Should You Consider Venture Capital For Your Small Business? (Part 2)

Given that venture capitalists invest billions of dollars in worthy U.S. companies each year, should you consider venture capital as a viable choice for your company?   Before you spend countless hours researching answers to that question, read “Should You Consider Venture Capital for Your Small Business? (Part 1)”.  Then consider the seven characteristics below that most venture capital investors look for before investing.

Does your company have the following:

The Prospect of Excellent Returns

Venture investors are motivated by high returns. They look for companies capable of generating the kinds of profits that create significant company value.  Upon exiting an investment via a sale of company stock received, most venture capitalists look for returns well above 20% to compensate for what they believe are the high risks they assume.

A Proprietary Product, System, Method or Approach

Investors look for surefire signs that the firms they are investing in have a competitive advantage. While patents, trademarks, copyrights and other trade secrets do not guarantee success, many successful ventures enjoy one or more of these advantages.  In addition, most venture capitalists look for companies with a superior value proposition — superior advantages or solutions to problems that will lead customer to buy.

A Large Potential Market

What good is a great product or service if the potential market is too limited? In a relatively small market, a venture might have to capture the entire market to be successful. Most venture investors look for companies that operate in markets large enough to result in significant revenues and profits. Large sustainable profits invariably lead to greater enterprise value.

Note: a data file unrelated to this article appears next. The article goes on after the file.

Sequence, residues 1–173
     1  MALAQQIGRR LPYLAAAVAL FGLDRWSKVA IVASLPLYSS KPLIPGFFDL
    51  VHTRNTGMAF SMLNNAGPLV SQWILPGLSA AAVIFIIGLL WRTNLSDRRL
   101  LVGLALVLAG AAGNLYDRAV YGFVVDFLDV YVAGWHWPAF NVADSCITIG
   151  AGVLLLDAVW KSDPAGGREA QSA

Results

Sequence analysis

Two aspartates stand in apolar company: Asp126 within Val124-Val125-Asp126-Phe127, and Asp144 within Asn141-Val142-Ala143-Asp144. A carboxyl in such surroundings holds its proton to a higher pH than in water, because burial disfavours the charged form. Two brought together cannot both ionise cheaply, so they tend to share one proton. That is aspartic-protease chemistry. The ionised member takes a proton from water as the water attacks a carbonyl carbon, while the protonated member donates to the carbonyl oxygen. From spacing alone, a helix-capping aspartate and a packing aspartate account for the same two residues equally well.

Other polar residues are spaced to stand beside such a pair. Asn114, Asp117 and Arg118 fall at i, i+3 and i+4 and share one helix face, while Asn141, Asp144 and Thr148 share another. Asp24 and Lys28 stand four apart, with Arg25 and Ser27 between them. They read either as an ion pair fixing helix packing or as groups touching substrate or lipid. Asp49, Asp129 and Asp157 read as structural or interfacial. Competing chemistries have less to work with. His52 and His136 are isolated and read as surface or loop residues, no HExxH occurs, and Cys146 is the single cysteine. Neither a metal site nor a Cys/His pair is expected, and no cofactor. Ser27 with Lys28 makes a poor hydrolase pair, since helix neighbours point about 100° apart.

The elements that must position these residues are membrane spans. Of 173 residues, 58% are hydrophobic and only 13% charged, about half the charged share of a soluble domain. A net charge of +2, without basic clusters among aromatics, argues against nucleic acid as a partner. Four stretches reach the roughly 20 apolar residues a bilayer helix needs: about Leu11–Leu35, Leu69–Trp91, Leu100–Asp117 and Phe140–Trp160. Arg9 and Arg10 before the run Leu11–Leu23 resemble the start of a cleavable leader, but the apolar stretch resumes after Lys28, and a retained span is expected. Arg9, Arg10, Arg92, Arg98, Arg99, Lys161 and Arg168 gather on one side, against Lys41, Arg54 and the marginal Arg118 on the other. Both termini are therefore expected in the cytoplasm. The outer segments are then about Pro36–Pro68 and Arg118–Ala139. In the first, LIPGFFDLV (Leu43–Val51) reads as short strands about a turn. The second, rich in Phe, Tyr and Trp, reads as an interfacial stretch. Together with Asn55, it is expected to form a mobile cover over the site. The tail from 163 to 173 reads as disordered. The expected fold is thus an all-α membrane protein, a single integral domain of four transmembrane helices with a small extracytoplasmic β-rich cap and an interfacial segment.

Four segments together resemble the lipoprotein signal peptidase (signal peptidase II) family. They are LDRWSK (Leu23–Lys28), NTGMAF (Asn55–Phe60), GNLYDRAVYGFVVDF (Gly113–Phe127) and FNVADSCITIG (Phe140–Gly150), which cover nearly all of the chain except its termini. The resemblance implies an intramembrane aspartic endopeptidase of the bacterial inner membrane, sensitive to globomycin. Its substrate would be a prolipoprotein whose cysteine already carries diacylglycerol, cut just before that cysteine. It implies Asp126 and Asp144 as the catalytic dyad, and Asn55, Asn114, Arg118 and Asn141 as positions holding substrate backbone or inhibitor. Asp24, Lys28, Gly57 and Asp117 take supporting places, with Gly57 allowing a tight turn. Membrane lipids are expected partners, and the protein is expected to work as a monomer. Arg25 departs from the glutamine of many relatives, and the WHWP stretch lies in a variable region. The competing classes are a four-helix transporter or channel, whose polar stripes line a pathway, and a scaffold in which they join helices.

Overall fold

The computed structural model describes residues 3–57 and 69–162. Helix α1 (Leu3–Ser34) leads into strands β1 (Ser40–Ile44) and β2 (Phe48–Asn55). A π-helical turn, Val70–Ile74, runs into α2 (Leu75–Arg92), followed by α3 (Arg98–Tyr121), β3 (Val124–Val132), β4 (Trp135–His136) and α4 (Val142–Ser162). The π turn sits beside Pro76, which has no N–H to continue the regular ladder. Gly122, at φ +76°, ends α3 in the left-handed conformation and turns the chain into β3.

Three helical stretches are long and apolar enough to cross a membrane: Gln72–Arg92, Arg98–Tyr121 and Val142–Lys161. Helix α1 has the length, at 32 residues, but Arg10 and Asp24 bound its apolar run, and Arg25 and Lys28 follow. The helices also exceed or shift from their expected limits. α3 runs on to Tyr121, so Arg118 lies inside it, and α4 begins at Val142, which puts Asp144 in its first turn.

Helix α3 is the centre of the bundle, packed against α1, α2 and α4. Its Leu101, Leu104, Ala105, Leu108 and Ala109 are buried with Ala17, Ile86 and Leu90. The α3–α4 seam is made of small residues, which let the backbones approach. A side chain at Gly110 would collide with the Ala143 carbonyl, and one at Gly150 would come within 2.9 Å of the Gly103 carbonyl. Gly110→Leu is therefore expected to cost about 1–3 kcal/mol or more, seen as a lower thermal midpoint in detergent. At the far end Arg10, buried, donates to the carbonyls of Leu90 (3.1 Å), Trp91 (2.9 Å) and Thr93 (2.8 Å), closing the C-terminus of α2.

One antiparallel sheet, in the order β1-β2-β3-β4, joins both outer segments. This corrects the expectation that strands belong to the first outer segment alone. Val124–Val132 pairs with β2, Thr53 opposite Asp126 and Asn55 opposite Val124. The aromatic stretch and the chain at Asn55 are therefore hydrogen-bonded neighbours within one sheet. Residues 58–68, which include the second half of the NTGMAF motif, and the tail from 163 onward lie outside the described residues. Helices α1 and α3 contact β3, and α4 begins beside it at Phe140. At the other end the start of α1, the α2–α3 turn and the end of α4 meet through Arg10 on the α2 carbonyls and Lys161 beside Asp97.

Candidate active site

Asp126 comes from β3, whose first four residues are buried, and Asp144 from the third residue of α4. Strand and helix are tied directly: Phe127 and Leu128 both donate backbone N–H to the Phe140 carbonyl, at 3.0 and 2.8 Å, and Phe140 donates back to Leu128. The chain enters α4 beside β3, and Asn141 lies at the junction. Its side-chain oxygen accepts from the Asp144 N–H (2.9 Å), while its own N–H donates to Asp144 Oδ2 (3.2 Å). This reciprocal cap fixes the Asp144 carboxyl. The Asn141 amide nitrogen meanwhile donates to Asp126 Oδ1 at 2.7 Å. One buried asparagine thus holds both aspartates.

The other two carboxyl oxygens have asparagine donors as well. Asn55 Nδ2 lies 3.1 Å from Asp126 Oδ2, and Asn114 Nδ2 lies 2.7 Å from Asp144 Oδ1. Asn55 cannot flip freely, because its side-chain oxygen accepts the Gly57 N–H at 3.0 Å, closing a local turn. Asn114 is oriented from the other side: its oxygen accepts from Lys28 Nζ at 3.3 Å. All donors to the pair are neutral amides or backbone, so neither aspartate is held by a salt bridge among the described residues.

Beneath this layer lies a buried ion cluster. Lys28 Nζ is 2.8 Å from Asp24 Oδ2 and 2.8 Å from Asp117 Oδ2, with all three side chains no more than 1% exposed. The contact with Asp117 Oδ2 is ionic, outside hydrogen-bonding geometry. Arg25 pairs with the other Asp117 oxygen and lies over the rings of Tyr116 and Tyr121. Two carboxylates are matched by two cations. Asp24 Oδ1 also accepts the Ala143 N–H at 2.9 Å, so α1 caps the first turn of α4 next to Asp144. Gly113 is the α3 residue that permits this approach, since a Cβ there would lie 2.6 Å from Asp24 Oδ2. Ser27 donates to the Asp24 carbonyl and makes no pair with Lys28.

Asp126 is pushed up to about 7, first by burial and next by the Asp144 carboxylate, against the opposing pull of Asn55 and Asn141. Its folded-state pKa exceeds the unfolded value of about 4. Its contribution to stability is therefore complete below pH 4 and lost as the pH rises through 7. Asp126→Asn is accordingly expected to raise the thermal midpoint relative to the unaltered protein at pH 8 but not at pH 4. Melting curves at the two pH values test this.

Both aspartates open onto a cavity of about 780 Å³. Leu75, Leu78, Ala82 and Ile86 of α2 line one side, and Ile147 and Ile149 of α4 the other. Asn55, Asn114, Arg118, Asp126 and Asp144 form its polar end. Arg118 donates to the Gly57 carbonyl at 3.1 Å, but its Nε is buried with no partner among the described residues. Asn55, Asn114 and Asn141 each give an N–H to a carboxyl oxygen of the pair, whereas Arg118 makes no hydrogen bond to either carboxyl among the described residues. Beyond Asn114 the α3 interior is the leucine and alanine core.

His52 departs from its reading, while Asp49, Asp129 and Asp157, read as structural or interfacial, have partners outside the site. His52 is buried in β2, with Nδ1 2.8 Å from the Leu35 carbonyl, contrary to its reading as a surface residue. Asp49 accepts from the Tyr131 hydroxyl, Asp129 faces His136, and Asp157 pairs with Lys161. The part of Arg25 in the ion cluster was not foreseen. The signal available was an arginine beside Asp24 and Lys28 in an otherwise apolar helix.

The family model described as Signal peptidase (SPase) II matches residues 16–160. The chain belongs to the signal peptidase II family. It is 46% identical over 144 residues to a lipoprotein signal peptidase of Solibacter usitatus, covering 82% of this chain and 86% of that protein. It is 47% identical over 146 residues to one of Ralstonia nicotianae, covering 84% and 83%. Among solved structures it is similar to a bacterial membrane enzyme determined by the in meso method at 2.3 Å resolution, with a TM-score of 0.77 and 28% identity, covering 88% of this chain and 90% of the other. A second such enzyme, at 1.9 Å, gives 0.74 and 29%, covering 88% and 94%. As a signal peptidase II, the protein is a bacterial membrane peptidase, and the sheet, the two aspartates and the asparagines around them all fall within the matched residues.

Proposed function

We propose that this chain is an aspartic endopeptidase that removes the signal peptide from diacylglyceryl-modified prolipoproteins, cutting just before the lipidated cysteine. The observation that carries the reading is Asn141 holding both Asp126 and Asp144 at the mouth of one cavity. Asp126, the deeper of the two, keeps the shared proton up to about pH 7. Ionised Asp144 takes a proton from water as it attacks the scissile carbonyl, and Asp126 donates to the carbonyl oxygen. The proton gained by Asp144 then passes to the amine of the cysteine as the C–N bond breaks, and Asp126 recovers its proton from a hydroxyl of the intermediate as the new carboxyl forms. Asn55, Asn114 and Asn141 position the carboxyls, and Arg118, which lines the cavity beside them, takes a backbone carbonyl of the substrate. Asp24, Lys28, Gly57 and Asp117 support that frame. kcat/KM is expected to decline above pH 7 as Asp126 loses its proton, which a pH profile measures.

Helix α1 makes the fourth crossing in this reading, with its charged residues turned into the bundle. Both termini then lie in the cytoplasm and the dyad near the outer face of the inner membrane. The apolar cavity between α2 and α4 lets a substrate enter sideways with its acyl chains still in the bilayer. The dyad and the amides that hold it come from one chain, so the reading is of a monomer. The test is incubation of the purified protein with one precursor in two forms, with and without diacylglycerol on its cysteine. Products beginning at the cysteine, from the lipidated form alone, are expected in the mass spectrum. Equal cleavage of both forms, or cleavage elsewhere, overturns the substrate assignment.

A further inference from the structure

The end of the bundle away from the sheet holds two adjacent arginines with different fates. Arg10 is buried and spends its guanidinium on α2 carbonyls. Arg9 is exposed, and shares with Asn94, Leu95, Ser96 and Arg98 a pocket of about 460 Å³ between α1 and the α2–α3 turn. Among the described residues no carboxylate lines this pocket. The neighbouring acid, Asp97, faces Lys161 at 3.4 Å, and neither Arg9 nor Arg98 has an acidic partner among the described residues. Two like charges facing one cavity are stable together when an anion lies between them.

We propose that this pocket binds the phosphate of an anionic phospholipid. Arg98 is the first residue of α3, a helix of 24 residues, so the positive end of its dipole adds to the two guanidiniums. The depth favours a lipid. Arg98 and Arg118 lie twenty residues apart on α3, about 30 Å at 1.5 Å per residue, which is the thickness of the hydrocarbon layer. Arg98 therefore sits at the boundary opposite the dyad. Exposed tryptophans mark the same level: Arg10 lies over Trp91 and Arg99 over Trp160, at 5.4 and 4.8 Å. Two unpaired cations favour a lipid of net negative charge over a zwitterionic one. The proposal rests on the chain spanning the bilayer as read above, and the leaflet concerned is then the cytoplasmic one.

Customer Acceptance

Nothing is more convincing than rapidly building sales from satisfied customers. Well-written business plans, multiple patents and spectacular Power Point presentations are great, but early rapid product acceptance is where the rubber meets the road.

A Highly Talented and Experienced Management Team

Investors look for management teams that are talented and that can execute their plans. Many companies fail, not because the business plan is not compelling or well designed. They fail because the management team is unable to execute. Investors seek management teams that have executed successfully in the past and that are working on big plans with big potential returns.

A Well Thought Out Plan

Speaking of business plans, a highly focused plan usually results in a smashing success. Since most investors have limited time to meet with entrepreneurs and small business owners seeking financing, it is imperative that savvy owners put together compelling business plans. In a short well-written plan, they must communicate their vision and business concept in a convincing manner, anticipating and answering the most critical investor questions.

A Viable Exit Strategy

Venture investors usually have limited investment horizons. In many cases, they have raised their money in investment partnerships requiring a return of investors’ capital within a timeframe certain. Most have a three to seven year investment horizon. High net worth ‘angel investors’ may have more flexibility if they are convinced that greater rewards await them later. Target returns are typically achieved by requiring a sale of the company to an interested purchaser or, in a minority of cases, an initial offering of the company’s stock to the public.

If you are looking at venture capital as an option for your small business, keep these points in mind.  Venture capital is not for every business. In fact, it is a form of financing that fits only a fraction of the small businesses that launch or seek growth capital each year.  The returns required by venture investors are high, most investors look for a significant ownership position and business control, and most returns are achieved via a sale of the investors’ stock, a sale of the business or a repurchase of the investors’ investment. Find out more about partnering with venture investors by reading “Should You Consider Venture Capital for Your Small Business? (Part 3)”.

George Parker is a twenty-five year industry leader, co-founder and Executive Vice President of Leasing Technologies International, Inc. LTI provides superior financing solutions to venture capital-backed start-ups and emerging growth companies. Visit http://www.ltileasing.com/ to learn how LTI’s innovative equipment financing can help your startup move ahead.

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